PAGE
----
Pastor Paul Baudhuin leads a St. Louis Park church much like many congregations with financial struggles. For several years, the church reserve fund has been its lifesaver, tapped to pay for both staff and operations. But COVID-19 has upended everything.
The church doors have been locked for five months, but expenses stay much the same. Member donations are relatively stable so far, but they don’t cover the bills.
“We need to rethink everything now,” said Baudhuin, of Aldersgate United Methodist Church. “We may have to cut staff, including my own hours. Should we sell our building? ... COVID is forcing us to make decisions we hadn’t planned to for another three, four years.”
Across Minnesota and the nation, houses of worship are wrestling with — and sometimes reeling from — the economic fallout of the COVID-19 pandemic. One in three U.S. congregations has no savings, according to the 2018-2019 National Congregations Study, an ongoing survey conducted at Duke University Divinity School. Just 18% have a year’s cushion.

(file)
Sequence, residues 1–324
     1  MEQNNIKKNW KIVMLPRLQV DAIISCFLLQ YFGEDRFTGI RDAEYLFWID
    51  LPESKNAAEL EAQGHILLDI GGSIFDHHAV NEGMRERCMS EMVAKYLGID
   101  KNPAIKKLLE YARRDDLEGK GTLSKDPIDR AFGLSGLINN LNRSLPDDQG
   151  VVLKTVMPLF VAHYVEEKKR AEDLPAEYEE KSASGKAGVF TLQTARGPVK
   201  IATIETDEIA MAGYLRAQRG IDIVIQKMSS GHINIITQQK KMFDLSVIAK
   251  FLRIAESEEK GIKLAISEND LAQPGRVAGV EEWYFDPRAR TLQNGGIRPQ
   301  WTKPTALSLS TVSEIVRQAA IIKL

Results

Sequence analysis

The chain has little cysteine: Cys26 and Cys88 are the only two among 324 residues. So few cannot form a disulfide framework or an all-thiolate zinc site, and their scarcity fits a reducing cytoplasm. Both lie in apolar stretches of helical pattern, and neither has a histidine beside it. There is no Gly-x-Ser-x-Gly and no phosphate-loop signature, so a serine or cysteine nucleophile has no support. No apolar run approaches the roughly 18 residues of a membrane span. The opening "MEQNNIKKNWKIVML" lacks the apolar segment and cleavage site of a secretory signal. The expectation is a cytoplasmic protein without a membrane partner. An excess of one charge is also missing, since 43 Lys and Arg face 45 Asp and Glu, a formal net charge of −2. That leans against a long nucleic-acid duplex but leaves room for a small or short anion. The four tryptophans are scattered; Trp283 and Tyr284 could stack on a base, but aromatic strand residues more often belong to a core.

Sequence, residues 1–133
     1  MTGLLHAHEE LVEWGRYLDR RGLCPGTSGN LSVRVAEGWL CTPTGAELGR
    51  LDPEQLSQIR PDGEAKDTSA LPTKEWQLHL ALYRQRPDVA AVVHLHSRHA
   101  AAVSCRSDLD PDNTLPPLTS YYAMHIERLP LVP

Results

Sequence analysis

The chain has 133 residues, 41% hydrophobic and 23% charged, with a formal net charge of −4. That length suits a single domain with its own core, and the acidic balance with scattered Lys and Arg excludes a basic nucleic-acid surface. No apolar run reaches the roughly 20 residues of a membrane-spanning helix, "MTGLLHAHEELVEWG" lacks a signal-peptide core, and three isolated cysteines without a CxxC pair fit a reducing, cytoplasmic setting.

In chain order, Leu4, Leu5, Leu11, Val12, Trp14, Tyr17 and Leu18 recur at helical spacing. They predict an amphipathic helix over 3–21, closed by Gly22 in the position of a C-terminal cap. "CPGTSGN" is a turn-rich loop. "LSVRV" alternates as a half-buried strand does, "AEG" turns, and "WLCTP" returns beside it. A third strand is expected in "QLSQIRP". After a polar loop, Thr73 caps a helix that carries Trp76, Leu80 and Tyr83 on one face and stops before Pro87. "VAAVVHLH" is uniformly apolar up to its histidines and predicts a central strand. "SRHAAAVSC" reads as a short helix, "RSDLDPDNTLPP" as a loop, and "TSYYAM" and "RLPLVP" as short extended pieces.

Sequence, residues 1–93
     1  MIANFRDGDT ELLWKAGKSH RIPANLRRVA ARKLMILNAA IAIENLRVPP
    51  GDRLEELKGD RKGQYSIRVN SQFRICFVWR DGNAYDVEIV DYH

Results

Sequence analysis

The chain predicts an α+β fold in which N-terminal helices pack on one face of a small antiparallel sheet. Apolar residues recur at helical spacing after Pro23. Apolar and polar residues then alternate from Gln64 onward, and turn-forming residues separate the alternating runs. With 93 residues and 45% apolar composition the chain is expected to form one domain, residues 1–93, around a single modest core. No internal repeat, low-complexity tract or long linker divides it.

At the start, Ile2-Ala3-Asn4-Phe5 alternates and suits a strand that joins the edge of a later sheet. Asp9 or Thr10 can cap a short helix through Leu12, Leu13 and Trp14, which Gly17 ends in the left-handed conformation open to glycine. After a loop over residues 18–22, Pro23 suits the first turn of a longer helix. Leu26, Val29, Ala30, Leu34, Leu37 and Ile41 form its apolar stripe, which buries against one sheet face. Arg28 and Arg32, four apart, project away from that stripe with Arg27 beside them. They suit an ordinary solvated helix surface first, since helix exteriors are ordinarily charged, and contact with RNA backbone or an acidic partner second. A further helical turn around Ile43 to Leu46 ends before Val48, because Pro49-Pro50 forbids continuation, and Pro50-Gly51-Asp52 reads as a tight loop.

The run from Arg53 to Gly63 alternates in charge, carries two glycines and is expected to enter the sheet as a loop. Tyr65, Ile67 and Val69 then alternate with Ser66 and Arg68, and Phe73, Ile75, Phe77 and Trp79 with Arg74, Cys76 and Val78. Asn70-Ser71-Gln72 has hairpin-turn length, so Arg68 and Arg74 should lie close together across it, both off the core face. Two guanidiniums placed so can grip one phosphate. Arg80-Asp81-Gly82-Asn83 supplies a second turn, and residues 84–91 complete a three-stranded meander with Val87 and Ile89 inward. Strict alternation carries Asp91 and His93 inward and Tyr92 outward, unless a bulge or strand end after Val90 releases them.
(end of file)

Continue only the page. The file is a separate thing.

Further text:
In Minnesota, most synagogues and mainline Protestant churches remain closed. Mosques opened in June. And Catholic churches have opened with space for roughly a fourth of the people typically in the pews.
The result: In-person donations have shrunk or evaporated. While online donations have jumped for many houses of worship, faith leaders worry that could dwindle. Earnings from religious programs, summer camps, fundraisers and building rentals have diminished or disappeared.
Many churches serving middle-class communities report that individual donations have so far been relatively stable. But less affluent congregations report donations plunging by up to 70%.
“To some degree, every church is struggling,” said Bishop Bruce Ough, of the United Methodist Church in Minnesota and the Dakotas. “Overall we’re doing OK. But it’s really hard work.”